NEW DELHI: Armed with a CAG report pointing out irregularities in procurement of medicines and their overpricing under the Central Government Health Scheme (CGHS), the public accounts committee of Parliament has asked the health ministry to formulate specific norms and take action against the guilty.
The PAC, which is evaluating CAG’s observations, summoned health secretary BP Sharma and VK Subburaj, secretary to department of pharmaceutical (DoP), earlier this week to discuss the anomalies pointed out by CAG. The PAC was not satisfied with the responses given by the officials, sources said.
PAC chief KV Thomas expressed concern that ministry was “misleading” the panel on the issue, a source said.
Asking the ministry to take action, the parliamentary panel has asked for a reply within 10 days as it plans to place a report in Parliament.
Apart from the procurement, supply chain mechanism and overpricing of medicines given under CGHS, the PAC also pulled up officials on availability and quality of drugs.
Under CGHS, government employees and pensioners can avail cashless diagnostics and treatment at a subsidized rates. The scheme, which runs across 25 cities, operates through 273 allopathic dispensaries. Besides, around 562 private hospitals have tie-ups with the Central government for CGHS. A 2010 World Bank report estimates the number of beneficiaries of the scheme at three million. They can also go to a public hospital.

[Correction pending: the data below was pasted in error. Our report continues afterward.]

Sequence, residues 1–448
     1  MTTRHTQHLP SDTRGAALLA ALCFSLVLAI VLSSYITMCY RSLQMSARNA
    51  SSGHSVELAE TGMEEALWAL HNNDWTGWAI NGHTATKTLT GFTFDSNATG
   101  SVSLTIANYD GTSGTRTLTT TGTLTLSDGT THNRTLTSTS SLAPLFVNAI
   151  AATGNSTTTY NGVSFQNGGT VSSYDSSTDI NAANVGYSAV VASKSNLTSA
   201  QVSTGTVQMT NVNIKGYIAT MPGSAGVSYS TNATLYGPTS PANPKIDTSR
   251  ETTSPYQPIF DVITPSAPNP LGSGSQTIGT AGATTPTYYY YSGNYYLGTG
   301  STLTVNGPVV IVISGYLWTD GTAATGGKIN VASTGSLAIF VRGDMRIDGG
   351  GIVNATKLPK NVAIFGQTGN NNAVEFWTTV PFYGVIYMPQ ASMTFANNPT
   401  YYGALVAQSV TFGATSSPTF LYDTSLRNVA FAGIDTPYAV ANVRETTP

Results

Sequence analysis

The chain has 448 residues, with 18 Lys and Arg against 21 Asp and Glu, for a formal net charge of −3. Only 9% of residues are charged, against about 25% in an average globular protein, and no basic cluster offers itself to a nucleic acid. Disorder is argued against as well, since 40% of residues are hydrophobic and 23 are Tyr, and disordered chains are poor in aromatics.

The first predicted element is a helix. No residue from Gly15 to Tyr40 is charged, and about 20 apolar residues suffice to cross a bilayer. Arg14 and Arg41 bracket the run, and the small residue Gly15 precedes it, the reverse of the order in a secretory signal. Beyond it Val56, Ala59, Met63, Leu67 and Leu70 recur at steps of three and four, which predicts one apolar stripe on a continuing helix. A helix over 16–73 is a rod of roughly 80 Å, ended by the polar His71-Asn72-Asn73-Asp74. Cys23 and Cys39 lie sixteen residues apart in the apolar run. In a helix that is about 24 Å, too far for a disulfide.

The government has informed the PAC that the pharmaceutical companies have been instructed about the guidelines and action will be taken if norms are not followed.
Sources said the PAC held two meetings on the spurious drugs, pricing mechanism and distribution in the government dispensaries/hospitals covered under the CGHS scheme. “CAG has pointed out that procurement of drugs under the scheme is very dubious as there is no mechanism to ensure that quality drugs are prescribed. Also, the procurement process is so bureaucratic that it takes at least a year for the drugs to be provided to the hospitals. On many occasions, drugs are purchased locally at higher cost which ultimately benefits the private companies,” said a source.
He said, “CAG has pointed out in its report that the doctors are being lured by the pharmaceutical companies through gifts and foreign trips.”
Concerns related to lack of transparency and irregularities in the supply chain in public procurement of drugs by the health ministry have surfaced repeatedly, but this time CAG has found “serious lapses” in quality of medicines supplied to CGHS facilities.
PAC members asked the officials to give the names of drugs which are substandard and that of the companies and said no one should be left with just a warning, sources said.
Read at : Times of India
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